Academic journal article Journalism History

Race Man: The Rise and Fall of the "Fighting Editor," John Mitchell, Jr

Academic journal article Journalism History

Race Man: The Rise and Fall of the "Fighting Editor," John Mitchell, Jr

Article excerpt

Alexander, Ann Field. Race Man: The Rise and Fall of the "Fighting Editor," John Mitchell, Jr. Charlottesville: University of Virginia Press, 2002. 258 pp. $32.95.

How far should a journalist go in support of a cause? Journalism students are told that covering the actions of a group with a cause is enough. Supporters of civic journalism, where journalists participate in solving community problems, might reject such a traditionalist sentiment, but most journalists still cringe, if only a little, when a colleague gets too close to the issues (and people) that he or she covers.

Richmond Planet editor John Mitchell Jr., the subject of Ann Field Alexander's thoroughly researched and skillfully written book, overcame this dilemma by diving headlong into business and politics, arenas from which journalists are (theoretically, at least) supposed to steer clear. She paints a rich portrait of a man who rarely shrank from a fight. He had no compunction about using his position as editor of the Planet to support a long list of causes, from attacking disenfranchisement of African Americans and disproportionately long sentences for African Americans convicted of minor crimes, to abolishing a Virginia law which permitted lynchings, and later to a full-scale boycott of Richmond's segregated trolley car system. As a member of Richmond's city council, Mitchell regularly promoted his ideas and initiatives in his paper. It would be naive to argue that today's coverage of politics and business is ideology-free. Still, journalists at least pay lip service to the idea that they should not be involved in endeavors that they may find themselves covering.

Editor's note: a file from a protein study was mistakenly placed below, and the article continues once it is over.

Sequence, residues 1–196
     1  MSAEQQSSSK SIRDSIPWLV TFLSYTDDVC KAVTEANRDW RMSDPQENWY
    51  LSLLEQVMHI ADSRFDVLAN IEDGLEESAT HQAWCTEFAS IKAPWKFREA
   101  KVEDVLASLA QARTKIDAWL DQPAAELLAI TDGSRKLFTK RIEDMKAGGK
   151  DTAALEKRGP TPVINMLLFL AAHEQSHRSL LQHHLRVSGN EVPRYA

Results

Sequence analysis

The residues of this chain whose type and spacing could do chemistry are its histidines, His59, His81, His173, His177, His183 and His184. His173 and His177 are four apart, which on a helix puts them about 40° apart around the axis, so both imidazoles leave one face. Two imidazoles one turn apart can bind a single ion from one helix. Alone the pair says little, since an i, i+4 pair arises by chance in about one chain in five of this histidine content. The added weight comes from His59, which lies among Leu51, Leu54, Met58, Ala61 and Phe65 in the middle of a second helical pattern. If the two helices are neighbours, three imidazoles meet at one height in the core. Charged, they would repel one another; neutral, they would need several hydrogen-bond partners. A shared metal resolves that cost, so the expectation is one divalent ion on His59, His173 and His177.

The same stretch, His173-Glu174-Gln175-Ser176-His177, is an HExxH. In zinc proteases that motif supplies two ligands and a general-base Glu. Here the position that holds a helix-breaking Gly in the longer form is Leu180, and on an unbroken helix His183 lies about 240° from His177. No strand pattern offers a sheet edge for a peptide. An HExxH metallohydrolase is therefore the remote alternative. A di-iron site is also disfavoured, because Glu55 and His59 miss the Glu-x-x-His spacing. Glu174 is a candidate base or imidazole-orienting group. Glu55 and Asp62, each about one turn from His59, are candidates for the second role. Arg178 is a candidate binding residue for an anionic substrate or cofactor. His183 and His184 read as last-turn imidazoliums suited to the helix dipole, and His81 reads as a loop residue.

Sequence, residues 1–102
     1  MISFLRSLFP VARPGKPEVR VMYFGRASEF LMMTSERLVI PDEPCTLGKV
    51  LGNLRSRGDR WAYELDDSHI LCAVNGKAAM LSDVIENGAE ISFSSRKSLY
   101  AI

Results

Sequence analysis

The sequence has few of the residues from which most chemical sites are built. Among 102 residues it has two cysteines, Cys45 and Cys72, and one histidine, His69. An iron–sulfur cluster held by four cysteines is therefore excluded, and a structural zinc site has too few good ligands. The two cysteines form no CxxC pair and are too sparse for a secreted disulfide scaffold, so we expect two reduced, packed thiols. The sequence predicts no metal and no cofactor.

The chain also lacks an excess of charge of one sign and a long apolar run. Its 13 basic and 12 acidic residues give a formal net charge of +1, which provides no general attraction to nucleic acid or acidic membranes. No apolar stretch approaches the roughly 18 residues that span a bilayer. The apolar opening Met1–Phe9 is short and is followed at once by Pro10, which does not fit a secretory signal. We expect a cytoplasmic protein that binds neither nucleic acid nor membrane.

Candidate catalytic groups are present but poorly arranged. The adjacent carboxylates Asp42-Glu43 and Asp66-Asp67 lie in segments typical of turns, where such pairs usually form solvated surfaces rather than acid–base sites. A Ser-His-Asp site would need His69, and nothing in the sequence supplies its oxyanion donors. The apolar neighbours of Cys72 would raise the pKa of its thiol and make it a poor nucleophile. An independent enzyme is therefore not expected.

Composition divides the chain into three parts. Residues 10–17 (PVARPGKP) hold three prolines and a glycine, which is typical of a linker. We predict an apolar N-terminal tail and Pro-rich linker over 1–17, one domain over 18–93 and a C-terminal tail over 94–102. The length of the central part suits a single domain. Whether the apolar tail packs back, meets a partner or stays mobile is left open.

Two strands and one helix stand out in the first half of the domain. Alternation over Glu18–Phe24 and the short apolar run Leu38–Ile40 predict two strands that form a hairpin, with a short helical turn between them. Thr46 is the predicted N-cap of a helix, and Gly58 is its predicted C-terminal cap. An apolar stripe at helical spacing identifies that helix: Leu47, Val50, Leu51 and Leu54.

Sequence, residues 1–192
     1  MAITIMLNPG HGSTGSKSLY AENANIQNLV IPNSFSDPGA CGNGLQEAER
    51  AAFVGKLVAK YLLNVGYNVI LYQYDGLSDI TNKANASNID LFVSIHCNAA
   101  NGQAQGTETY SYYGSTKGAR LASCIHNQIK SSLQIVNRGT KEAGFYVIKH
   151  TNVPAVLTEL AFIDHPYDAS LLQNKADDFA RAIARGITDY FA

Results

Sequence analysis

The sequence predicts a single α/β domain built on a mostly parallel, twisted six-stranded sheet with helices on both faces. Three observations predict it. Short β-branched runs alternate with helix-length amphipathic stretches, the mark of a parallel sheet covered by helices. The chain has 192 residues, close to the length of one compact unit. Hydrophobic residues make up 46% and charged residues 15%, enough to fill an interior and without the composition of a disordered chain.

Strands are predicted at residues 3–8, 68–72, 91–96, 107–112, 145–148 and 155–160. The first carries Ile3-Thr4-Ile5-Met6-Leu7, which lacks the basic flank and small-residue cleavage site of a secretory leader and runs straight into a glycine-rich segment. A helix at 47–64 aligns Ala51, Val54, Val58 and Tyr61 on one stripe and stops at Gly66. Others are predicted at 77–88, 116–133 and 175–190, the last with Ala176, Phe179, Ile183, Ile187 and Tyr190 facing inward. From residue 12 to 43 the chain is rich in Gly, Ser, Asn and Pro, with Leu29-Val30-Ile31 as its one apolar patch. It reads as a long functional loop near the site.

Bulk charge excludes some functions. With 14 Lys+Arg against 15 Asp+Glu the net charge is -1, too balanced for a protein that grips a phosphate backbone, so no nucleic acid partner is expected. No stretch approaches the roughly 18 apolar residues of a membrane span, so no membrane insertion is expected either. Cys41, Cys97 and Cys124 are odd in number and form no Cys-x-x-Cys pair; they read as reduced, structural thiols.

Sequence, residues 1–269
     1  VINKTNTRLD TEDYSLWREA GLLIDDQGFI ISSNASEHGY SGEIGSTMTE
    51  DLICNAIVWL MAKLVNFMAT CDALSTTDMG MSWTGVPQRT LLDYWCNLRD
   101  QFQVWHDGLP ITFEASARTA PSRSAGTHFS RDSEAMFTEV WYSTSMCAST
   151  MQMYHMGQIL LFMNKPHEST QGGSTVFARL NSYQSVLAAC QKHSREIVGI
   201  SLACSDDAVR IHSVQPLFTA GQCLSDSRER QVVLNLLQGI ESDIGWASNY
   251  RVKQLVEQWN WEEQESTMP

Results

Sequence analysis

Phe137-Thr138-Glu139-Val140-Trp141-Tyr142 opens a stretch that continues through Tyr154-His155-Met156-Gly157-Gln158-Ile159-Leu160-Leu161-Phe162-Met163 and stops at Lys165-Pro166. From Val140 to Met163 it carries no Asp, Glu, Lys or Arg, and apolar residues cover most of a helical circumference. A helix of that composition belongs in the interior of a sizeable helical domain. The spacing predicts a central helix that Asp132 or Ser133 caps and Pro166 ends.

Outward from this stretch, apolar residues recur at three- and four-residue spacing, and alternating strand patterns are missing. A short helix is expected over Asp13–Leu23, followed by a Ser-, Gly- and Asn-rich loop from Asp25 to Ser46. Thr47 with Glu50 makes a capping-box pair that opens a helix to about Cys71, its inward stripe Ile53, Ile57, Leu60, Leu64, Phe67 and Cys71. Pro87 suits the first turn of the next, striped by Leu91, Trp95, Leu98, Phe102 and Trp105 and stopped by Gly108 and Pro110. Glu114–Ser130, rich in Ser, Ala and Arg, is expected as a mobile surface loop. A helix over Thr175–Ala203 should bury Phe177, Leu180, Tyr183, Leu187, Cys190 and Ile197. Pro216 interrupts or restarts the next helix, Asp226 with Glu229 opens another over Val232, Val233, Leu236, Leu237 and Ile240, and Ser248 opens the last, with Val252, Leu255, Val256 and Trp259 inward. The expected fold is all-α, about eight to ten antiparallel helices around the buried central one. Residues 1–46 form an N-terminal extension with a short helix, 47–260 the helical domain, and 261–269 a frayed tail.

But what makes Mitchell interesting is the degree of support he offered to these causes. He claims to have "cried aloud and spared not," but Alexander's exploration of his life reveals that his activism was often purposely tempered by self-interest. He encouraged African Americans to stand up for themselves but to do so politely. He urged them to offer "manly protest" against discriminatory policies and actions. …

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